Florida Gators OL Roderick Johnson’s career over after cervical stenosis diagnosis

By Adam Silverstein
April 14, 2015

Updated on Tuesday at 7 p.m.

Florida Gators redshirt sophomore offensive lineman Roderick Johnson, a promising talent and the team’s best returning starter from a season ago, will likely retire from football and end his career after being diagnosed with congenital cervical stenosis, the program announced on Tuesday.

Johnson, who started three games for Florida in 2014 and was expected to be an NFL prospect as soon as next season, received the official diagnosis on Monday. His medical condition was not discovered until he suffered a “stinger” in practice on April 3 that resulted in numbness of his hands. An MRI was done to ensure there were no other underlying medical issues, which is when doctors uncovered the cervical stenosis.

As Florida pointed out in its announcement of Johnson’s ailment, cervical stenosis is the same condition that famously forced Cooper Manning – the brother of Peyton and Eli Manning – to retire from football shortly after beginning his college career.

The Gators were also careful to word the release in such a way that it notes his Florida career is over – not his football-playing career – as there have been examples of players, such as USC’s Jarvis Jones, who transferred to another program (Georgia) and continued playing after being cleared by a separate set of physicians. (Jones was later cleared by NFL doctors and currently plays for the Pittsburgh Steelers.)

Head coach Jim McElwain, addressing a number of beat writers prior to a speaking engagement Tuesday evening at the Titletown Gator Club in Gainesville, expressed his disappointment for Johnson.

“Heartbreaking news on Rod. It was one of those deals that we wanted to make sure that we got as many opinions as possible to make sure,” he said, according to the Florida Times-Union‘s Richard Johnson. “Horrible for him, and yet at the same time, a blessing it was discovered through what we thought was probably a stinger.”

McElwain went on to say that Johnson would still be a “huge part” of the Gators football program, noting that he plans to have Johnson work as a student assistant who will help assimilate the freshman offensive linemen into the program this summer.

Athletes that participate in contact sports, such as football, are at high risk to develop this condition, which is a narrowing of the spinal canal. As Johnson’s was diagnosed to be congenital, the condition existed for him since birth but was not discovered until doctors decided to further investigate the numbness he felt after the stinger.

If an athlete does not stop participating in contact sports after being diagnosed with the condition, severe medical trauma could occur, including either transient or permanent quadriplegia. There are differing medical studies as to whether an athlete with cervical stenosis is indeed at higher risk for permanent brain injury.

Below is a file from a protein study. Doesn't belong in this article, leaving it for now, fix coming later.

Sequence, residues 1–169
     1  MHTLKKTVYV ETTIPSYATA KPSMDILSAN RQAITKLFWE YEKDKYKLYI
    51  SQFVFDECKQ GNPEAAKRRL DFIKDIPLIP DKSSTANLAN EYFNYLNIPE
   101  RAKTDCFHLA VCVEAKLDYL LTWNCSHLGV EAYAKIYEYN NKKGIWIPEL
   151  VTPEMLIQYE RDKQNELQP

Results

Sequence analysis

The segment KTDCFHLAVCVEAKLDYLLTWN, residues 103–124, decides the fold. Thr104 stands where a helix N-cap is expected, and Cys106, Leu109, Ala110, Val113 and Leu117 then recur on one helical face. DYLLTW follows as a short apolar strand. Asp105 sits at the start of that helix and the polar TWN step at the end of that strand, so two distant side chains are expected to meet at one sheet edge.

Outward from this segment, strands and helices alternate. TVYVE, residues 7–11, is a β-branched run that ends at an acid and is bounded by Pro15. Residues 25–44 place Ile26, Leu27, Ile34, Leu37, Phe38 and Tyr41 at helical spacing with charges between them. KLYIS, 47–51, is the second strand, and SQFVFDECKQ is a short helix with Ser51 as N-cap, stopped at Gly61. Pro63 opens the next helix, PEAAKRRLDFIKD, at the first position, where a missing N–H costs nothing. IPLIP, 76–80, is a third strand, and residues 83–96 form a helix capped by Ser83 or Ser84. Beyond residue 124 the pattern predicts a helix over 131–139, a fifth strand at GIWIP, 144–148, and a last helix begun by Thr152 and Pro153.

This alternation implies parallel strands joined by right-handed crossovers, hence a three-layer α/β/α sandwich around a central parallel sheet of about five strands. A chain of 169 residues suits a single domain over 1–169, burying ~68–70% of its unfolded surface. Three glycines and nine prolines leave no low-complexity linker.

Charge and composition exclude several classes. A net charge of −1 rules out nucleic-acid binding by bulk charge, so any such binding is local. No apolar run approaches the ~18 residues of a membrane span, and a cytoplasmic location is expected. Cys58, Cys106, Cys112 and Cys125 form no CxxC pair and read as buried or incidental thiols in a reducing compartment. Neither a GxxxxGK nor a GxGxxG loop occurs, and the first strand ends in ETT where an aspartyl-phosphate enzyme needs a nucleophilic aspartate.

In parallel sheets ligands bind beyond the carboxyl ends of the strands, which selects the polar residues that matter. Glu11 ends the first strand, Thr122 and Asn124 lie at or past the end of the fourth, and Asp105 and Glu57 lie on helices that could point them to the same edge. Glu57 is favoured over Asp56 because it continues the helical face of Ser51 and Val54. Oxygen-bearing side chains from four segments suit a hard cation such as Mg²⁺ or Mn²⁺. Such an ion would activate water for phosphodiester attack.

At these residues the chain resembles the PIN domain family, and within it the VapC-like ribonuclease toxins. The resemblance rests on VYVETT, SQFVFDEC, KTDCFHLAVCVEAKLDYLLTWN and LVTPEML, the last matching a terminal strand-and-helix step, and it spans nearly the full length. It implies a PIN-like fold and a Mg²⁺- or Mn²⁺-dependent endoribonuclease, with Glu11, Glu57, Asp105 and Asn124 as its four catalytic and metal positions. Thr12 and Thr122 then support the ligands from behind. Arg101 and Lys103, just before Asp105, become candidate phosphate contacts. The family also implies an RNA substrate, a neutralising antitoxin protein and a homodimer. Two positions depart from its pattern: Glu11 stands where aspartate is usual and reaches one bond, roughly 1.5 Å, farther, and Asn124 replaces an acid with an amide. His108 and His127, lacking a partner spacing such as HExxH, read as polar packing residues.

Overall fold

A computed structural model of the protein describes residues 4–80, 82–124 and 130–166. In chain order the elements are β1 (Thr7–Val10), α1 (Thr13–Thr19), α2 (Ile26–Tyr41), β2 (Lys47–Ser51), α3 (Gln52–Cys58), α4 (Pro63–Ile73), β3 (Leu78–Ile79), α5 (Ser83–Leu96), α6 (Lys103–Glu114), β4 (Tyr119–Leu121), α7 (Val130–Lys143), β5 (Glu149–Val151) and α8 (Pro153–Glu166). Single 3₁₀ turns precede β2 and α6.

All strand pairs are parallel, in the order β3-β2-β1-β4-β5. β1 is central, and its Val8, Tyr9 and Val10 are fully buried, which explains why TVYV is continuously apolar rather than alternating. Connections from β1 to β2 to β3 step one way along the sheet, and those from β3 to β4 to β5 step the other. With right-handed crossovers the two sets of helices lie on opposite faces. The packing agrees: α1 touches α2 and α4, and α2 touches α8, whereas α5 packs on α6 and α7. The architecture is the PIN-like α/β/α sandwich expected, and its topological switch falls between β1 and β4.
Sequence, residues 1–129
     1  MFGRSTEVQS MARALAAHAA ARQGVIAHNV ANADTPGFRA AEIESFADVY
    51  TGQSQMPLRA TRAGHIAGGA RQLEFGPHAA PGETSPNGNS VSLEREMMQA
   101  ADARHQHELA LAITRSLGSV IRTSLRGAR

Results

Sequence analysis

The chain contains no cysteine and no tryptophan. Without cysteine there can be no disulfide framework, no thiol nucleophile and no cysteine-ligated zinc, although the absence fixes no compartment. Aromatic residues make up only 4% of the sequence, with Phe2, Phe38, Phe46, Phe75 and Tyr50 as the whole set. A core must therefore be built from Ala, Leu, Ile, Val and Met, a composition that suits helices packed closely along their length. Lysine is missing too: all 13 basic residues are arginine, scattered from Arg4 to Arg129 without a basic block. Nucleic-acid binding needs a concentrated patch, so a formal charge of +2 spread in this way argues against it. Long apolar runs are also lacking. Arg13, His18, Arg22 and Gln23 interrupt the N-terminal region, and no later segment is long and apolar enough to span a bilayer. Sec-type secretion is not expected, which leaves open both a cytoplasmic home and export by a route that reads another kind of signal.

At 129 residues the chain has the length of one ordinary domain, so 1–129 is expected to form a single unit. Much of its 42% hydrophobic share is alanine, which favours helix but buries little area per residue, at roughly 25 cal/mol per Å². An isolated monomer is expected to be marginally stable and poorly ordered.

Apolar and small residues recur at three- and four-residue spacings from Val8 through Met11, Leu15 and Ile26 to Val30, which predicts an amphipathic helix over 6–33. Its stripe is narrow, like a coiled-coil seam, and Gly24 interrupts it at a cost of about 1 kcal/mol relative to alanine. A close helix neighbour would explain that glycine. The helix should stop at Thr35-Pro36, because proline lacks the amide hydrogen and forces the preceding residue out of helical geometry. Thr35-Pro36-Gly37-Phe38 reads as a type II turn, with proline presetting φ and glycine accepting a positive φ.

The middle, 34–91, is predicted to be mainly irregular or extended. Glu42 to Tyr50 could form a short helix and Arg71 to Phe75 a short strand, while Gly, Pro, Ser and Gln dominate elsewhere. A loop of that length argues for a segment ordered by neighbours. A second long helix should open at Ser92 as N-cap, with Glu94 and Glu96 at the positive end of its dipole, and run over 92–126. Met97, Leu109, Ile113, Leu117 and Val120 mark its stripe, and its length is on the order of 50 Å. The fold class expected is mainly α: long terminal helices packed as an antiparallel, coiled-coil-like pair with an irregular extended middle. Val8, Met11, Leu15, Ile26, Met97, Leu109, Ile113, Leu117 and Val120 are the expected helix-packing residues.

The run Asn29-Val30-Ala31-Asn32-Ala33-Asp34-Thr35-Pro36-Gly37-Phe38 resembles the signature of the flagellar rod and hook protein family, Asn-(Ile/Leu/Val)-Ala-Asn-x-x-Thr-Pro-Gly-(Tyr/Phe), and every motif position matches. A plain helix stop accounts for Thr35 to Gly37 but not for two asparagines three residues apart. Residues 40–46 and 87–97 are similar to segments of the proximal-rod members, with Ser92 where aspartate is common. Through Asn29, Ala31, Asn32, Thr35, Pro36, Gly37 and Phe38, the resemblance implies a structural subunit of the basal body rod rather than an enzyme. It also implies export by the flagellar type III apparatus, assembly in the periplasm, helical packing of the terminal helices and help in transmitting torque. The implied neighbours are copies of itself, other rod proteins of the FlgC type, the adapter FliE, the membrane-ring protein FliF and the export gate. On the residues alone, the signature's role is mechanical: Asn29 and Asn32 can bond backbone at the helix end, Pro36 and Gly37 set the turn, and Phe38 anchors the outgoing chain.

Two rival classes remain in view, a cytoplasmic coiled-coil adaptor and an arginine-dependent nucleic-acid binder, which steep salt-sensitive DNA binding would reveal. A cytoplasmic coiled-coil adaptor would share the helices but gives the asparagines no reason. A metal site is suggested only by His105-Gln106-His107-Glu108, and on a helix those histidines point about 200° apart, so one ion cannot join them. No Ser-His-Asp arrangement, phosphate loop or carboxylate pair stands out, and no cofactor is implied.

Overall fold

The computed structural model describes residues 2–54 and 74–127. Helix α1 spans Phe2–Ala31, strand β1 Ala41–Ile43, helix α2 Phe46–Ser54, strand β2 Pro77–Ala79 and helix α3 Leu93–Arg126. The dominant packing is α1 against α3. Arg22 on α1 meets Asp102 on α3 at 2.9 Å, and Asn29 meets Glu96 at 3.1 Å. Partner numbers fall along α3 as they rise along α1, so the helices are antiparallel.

“I will never, ever put him out there in harm’s way. We’ve got a medical staff that looks at everything. We send the things all over the country to specialists,” McElwain said Saturday. “Life’s too short, man. I’m not going to do it. I’m not going to do it to a young guy.”

Johnson was a favorite of offensive line coach Mike Summers. The two had an extremely close relationship and were not shy about expressing their affection for each other.

“The relationship I got with coach summers is priceless,” Johnson wrote on Jan. 6.

Said Summers one week later: “Rod Johnson is just an absolute pleasure to be around, a kid that you just love to put your arm around and watch him grow. He’s like a plant that you put water on and you just see him start to develop. He’s got such passion to be a great football player. I was so encouraged with what he was able to do this year.”

A three-star prospect out of Delray Beach, Florida, Johnson was an under-the-radar recruit that flashed in practice for Florida during his true freshman season, when the Gators were exceptionally deep on the offensive line and handed him a redshirt. He broke out during his redshirt freshman campaign in 2014 and was one of only a handful of players that were sure-fire starters for Florida entering 2015.

Instead, he is now the fourth Gators offensive lineman to be forced into retirement due to injury in the last two seasons, joining Octavius Jackson, Nolan Kelleher and Drew Sarvary. He will likely receive a medical hardship waiver to continue his education at Florida, if he so chooses.

In addition to this being a personal tragedy for Johnson, the loss of his significant talent also leaves yet another hole in the Gators’ already-porous offensive line. Florida now has just six scholarship linemen returning from last season, one of which – redshirt senior Trip Thurman – also missed spring practice due to injury. The Gators will add six true freshman offensive linemen in the summer, including five-star tackle Martez Ivey.


  1. SaraGator says:

    That’s too bad. It’s not the end of the world – he can get a good education and still be successful in life.

  2. Michael Jones says:

    Heartbreaking. Sorry for the kid. Sorry for the Gators.

  3. Gatorgrad79 says:

    Damn, hope this kid finishes his degree and secures a future for himself (he could have had a disaster If he left early without a degree and then had this happen in his first year in the nfl)

  4. Michael Jones says:

    As an aside, Jeff Driskel continues to show his class even while Gator Nation doesn’t reciprocate.